In fact, Joe Leineweber, who wears production, sales and promotion hats at Atlas says, “We jokingly refer to Apricot here as our mimosa—it goes very well with brunch.” 

Blending is the name of the game when it comes to adjusting non-apple fruits to make cider that rolls on the tongue, McCoy says, and he sees new blends as an extension of the rabid craft beer exploration in the United States. “You are seeing everyone getting more creative; I think of cider as another extension of that,” he says. “One thing that excited me most about cider when we started two years ago was playing around with some of the other fruit varieties that grow in the Northwest.” PARKER HALL.

5. Rack & Cloth Stony Pig

Stony Pig isn’t a showstopper. It won’t wow you with hops or odd fruits. There are no esters of exotic yeasts, and there’s just a touch of vanilla borne of barrel-aging in oak.

No, the flagship cider from Mosier’s Rack & Cloth is an admirably dry and quaffable drop. It’s a straightforward but remarkably clean-lined cider that’s well-suited to the bare-bones menu at this little pizza and salad spot outside Hood River.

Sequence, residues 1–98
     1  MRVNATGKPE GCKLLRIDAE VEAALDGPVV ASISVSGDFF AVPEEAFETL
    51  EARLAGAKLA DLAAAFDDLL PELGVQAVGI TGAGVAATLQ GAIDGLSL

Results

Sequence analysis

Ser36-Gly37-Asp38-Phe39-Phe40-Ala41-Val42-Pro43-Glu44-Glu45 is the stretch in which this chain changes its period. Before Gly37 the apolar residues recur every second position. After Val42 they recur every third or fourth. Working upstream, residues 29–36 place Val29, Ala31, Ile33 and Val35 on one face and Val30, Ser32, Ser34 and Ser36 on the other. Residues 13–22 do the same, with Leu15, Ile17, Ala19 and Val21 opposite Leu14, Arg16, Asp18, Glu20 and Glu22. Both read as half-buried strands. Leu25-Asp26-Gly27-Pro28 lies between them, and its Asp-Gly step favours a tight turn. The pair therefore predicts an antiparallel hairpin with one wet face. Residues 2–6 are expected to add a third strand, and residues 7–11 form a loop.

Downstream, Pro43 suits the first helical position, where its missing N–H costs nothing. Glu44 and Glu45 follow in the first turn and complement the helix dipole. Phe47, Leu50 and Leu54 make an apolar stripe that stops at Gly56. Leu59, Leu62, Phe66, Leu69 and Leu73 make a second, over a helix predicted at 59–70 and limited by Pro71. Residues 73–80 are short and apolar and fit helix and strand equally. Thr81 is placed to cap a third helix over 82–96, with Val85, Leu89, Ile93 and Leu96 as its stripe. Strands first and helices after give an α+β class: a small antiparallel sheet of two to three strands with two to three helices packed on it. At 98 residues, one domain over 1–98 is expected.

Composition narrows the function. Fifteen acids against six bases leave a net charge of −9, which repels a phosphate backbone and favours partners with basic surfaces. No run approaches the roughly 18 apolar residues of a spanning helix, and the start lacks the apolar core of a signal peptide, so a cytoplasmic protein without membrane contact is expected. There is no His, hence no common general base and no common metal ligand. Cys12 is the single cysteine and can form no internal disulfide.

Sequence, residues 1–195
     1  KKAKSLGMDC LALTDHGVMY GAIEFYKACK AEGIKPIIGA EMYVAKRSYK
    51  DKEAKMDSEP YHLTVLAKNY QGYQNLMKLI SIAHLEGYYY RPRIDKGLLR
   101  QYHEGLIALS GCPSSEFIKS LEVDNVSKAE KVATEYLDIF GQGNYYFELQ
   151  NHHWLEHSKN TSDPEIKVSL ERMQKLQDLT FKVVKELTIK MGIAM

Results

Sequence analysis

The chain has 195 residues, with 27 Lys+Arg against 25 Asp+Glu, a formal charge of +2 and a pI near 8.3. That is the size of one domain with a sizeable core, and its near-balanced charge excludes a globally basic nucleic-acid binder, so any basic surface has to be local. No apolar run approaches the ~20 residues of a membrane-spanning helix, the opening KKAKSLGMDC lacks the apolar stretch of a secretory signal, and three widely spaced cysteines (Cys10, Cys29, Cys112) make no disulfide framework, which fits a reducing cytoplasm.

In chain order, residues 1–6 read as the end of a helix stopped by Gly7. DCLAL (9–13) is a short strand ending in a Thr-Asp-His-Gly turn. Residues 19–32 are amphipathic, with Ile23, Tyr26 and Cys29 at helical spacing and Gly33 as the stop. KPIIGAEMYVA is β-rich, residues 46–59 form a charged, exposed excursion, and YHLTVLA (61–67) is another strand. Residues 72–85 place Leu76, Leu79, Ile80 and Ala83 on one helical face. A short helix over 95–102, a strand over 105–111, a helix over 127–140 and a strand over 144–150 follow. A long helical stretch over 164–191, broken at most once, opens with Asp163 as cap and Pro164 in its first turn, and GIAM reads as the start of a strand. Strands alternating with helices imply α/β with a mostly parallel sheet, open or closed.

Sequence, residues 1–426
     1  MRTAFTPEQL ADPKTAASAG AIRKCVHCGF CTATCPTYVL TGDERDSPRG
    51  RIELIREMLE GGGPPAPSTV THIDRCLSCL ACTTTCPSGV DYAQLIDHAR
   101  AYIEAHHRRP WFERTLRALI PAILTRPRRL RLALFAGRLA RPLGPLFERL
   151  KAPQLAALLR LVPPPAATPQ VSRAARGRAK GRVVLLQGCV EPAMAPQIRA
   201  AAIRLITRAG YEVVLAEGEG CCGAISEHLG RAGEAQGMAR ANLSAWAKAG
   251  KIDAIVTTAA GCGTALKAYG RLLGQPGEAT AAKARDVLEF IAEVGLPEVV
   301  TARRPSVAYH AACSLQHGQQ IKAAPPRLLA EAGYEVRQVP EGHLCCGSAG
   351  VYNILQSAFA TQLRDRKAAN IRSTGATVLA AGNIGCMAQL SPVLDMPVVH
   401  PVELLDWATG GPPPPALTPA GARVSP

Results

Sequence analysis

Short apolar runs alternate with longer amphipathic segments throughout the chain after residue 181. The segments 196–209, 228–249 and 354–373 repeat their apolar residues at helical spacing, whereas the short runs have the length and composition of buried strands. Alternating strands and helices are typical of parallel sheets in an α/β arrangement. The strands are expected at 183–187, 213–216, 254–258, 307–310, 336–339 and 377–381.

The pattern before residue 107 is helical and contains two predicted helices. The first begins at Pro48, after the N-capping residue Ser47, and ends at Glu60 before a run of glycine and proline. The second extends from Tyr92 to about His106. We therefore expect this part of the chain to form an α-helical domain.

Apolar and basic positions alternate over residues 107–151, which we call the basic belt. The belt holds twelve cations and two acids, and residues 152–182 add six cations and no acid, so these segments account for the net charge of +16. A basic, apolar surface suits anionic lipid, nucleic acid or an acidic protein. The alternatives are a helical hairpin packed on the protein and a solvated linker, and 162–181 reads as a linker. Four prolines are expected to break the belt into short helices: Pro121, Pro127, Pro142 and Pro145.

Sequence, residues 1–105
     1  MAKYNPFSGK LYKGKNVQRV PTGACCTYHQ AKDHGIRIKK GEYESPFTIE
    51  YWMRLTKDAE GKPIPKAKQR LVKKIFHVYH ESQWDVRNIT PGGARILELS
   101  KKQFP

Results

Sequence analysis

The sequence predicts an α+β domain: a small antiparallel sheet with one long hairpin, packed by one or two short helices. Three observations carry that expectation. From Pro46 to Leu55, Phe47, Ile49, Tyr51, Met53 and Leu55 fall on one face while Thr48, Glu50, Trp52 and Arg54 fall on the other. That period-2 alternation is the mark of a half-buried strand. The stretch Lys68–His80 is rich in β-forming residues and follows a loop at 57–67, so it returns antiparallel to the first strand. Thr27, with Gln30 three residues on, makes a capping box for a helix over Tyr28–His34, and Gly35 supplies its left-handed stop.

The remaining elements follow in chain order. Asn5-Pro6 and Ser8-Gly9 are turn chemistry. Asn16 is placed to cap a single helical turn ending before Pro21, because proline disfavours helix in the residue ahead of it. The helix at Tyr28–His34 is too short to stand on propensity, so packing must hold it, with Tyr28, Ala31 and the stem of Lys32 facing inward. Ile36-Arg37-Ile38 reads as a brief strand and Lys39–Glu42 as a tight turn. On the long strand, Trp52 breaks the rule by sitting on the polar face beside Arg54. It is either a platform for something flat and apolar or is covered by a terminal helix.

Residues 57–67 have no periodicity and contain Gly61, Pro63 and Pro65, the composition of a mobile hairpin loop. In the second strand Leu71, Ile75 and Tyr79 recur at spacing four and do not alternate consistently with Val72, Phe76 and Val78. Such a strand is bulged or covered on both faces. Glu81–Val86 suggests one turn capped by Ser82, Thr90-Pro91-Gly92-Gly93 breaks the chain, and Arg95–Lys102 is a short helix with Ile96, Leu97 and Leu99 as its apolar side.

Stony Pig is made with organic Jonagold, Winesap and wild crabapples from the fruit loop, some of which are aged on oak while others ferment in stainless steel.

At 6.9 percent ABV, it’s relatively strong—and dangerous given the smoothness. Stony Pig won the People’s Choice award at last year’s Hood River Hard-Pressed Cider Fest, and it’s easy to see why. This is a crisp, acidic cider that draws from Old World ideas without mimicking them in any obvious way. We just wish we could get it everyday—sadly, there’s a very limited production that’s mostly sold directly from a tiny house overlooking the Columbia Gorge. MARTIN CIZMAR. 

 The Big Apple: Portland's Cider Boom | Top 5 New Oregon Ciders | Portland Cider Pubs 

  English, French, and Spanish Cider Primer | New World Old World Ciders |Cider Calendar